Download nest box plans for your region and habitat using our new Right Bird, Right House tool! ×

NestWatch

Where Birds Come to Life

Participant Photos

upload and share photos

Photo Submission

Submitted By

Valentina Kaquatosh

Stevens Point, WI, United States

Description

My Robin neighbors’ young are quickly developing feathers. Last week they still looked like the baby from the movie “Eraserhead” but now they resemble their parents, showing more personality, curiosity, and ever more verve. It must be itchy to grow into your feathers because they are constantly picking at themselves and each other (either that or they have mites — ouch). Mom (nicknamed “Serene”) and Dad (“Serenade”) show signs of weariness as they continue to strive to meet the demands of this maturing brood.

The biggest, and perhaps the first hatched, is on the far left. I have predicted it is a “he” because each time he has stretched out his neck, he displays the brightest breast and wing feathers. He will most likely jump out of the nest first. I also thought he would be the greediest when it came to food, but from what I’ve observed, the parents go back and forth dividing food in turns. They really pay attention to details.

Category

Unusual nests

Species

Crowded Robin’s Nest

they're getting big

Recent Comments (5)

  • Robyn Bailey says:

    As they get a little bigger, you’ll want to be careful of walking near the nest, as they might jump out prematurely. If I recall correctly, this nest is on an AC unit, so hopefully you can still get photos from a distance in that location. Once they are 2-3 days from fledging (leaving the nest), all baby birds need space to avoid being frightened out of the nest a few days early. But I also seem to remember you saying you were using a telephoto lens, so you are probably already giving them space. Your passion for these birds is evident in your photos and stories, and it sounds like you’re learning a lot by observing them, so thanks for sharing their journey with us.

    • Valentina says:

      Thank you for mentioning that! I soon found out all about that the last time I took photos. The largest fledgling left the nest, and the next bigger one followed the next day, both when they last caught sight of me, even though I wasn’t messing around the nest. The nest is too, too close to my apartment and other human beings who walk close by. I’ve managed to warn my closest neighbors, and we’re doing all we can to “sneak” out! So far the parent birds have been spot on with training. Their eyes are very sharp.

      The biggest birds took to the sky very well. I got to watch the father Robin train the fledgling. It almost looked like it was spooking the fledgling out of hiding and out into the open — like it was doing battle with another bird.

      The second fledgling to leave the nest has been slower at flying. The parents are keeping her in the trees. She hop-flies about the branches, continuing to be fed by her parents.

      The last two in the nest are the littlest two and are sufficiently quiet and hiding from passers-by. My neighbors are aware to be quiet and not approach the nest, so far so good! Even so, I decided to take the last photos yesterday to ensure the last fledglings don’t get spooked out of the nest too early. Thank you for reminding me!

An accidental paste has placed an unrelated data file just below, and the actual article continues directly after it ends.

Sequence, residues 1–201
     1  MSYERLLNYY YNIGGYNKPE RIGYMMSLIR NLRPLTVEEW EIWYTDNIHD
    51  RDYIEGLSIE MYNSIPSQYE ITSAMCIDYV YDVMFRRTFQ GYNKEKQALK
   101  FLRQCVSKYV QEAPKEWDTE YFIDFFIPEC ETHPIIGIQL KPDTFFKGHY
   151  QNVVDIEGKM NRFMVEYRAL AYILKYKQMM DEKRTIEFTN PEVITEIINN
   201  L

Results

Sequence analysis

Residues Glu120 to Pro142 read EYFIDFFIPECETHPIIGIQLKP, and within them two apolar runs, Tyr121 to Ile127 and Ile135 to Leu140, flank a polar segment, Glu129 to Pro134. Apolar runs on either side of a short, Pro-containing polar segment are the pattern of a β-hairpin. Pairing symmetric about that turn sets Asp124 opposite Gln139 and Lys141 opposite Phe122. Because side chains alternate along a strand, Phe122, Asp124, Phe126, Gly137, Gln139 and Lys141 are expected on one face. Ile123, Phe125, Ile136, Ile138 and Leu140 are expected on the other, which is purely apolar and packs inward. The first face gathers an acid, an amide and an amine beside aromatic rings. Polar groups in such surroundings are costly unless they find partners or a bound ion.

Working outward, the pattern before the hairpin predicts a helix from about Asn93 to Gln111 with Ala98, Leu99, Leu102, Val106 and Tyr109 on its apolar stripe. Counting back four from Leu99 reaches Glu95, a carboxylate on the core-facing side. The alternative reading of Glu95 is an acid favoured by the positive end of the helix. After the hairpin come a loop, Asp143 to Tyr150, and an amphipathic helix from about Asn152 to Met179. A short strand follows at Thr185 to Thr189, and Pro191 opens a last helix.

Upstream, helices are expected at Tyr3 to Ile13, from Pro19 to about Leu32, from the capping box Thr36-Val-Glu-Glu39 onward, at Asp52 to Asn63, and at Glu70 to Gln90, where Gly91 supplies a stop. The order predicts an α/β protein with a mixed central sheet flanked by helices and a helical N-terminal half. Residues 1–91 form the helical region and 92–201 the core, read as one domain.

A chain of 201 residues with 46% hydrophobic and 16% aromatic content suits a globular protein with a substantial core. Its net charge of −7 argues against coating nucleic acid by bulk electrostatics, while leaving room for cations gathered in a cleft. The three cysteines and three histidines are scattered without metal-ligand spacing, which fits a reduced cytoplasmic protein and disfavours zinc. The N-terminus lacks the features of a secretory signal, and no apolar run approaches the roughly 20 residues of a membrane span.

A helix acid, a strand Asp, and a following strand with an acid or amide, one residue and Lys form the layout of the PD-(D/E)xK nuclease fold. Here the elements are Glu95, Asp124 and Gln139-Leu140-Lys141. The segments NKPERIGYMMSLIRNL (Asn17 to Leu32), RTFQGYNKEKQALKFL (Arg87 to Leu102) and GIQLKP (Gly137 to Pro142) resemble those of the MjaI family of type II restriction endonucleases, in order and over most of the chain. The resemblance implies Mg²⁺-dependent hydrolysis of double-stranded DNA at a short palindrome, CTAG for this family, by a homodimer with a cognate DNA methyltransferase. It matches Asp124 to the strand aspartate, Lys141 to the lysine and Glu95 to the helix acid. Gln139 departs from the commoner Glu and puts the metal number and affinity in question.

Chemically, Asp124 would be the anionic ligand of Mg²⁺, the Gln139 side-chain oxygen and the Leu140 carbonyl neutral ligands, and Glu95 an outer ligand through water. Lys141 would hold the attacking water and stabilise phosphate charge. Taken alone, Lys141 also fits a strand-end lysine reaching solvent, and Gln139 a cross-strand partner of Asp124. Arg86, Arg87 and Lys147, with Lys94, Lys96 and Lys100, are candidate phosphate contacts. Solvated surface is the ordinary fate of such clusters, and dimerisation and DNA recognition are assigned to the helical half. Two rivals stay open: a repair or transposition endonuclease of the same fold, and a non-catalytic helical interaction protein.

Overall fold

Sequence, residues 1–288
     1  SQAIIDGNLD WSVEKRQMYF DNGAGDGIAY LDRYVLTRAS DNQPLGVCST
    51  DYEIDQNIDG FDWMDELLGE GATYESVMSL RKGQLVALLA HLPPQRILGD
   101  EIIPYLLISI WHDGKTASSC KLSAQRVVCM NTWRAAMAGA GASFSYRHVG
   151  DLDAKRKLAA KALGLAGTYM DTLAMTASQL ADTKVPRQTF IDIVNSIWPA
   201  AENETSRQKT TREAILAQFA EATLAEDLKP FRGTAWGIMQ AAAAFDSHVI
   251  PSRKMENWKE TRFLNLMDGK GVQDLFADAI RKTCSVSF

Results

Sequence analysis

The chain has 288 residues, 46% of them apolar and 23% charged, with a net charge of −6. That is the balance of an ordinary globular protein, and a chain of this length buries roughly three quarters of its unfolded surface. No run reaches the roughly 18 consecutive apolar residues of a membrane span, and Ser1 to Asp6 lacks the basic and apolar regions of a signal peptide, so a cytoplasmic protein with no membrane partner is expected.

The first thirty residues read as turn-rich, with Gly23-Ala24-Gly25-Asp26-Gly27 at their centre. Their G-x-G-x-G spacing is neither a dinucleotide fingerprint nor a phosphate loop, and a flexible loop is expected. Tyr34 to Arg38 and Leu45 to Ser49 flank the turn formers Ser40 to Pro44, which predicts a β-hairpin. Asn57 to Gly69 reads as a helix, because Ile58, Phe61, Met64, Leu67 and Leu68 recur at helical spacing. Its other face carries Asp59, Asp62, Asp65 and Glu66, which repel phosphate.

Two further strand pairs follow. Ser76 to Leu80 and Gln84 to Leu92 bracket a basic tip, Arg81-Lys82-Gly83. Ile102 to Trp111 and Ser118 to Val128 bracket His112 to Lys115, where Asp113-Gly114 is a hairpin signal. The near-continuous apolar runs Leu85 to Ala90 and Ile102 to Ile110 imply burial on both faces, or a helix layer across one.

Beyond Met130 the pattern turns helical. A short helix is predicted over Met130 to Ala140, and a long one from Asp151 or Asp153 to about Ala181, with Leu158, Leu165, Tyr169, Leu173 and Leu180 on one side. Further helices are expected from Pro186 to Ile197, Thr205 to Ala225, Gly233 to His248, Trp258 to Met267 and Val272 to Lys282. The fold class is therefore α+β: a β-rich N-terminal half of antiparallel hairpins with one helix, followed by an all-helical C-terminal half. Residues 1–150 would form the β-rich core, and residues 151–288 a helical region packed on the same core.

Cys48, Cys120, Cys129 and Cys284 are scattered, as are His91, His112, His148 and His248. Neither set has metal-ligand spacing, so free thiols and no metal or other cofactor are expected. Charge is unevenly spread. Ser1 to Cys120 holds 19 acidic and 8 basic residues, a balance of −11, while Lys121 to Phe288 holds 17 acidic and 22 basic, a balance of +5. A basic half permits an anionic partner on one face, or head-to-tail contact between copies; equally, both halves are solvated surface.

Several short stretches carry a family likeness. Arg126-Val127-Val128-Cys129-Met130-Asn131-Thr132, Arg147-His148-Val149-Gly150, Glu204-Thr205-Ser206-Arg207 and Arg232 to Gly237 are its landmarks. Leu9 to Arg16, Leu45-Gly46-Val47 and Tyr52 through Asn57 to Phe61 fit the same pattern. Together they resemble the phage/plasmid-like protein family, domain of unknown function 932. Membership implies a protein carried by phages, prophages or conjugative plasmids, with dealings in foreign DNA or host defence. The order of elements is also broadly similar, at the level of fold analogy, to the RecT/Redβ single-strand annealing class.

It was hard to hold back the stupid human nature to want to touch the fledglings, but my desire to see them successfully reach adulthood without my interference won out. Thanks in big part to following the protocol lined out via NestWatch. I have learned more here than I ever have anywhere else.

    • Valentina says:

      Thought I should tell you that all four fledglings have successfully left the nest and are well off on their own! I got to see a few of them this weekend in the area here and there in the trees. Amazing how much they’ve grown, and flown, in just a few days. 🙂

      • Robyn Bailey says:

        Wonderful news! You’re very lucky. Both of the robin nests I was watching failed, but they weren’t near my house so I don’t know what happened. They were in my local park, which has a lot of chipmunks. Could’ve been a chipmunk, squirrel, or something else that got their eggs. 🙁 But I have delighted in being able to see your robins grow, and have since seen a few robin fledglings in my neighborhood that I wasn’t monitoring. If you haven’t seen this time-lapse video yet, you should watch it: http://youtu.be/lVQOdxTMpyI

        • Valentina says:

          That video was beautiful! Thank you. So sorry the nest(s) you watched didn’t make it. There were a few times I thought the one I watched wasn’t. There was one other nest built on an a/c unit that did not make it in my apartment complex. It was due to a careless, jerk neighbor of mine. Otherwise everyone in the area really cared about the robins. Both me and the birds lucked out that our neighbors cooperated with code of conduct!

          Nice thing is I have been experiencing return visits by the parent birds to the birdbath. I snapped some awesome new photographs, even seen a partial albino robin in the area! I hope to take photo of that one, but she’s a shy one. 🙂 Once again, thank you so much for commenting, taking the time to make sure I was being extra careful with these birds, and sharing your enthusiasm, too.

Leave A Comment

Your email address will not be published. Required fields are marked *

Explore

Nearby Submissions
Recently Liked

Cornell Lab of Ornithology

Cornell Lab of Ornithology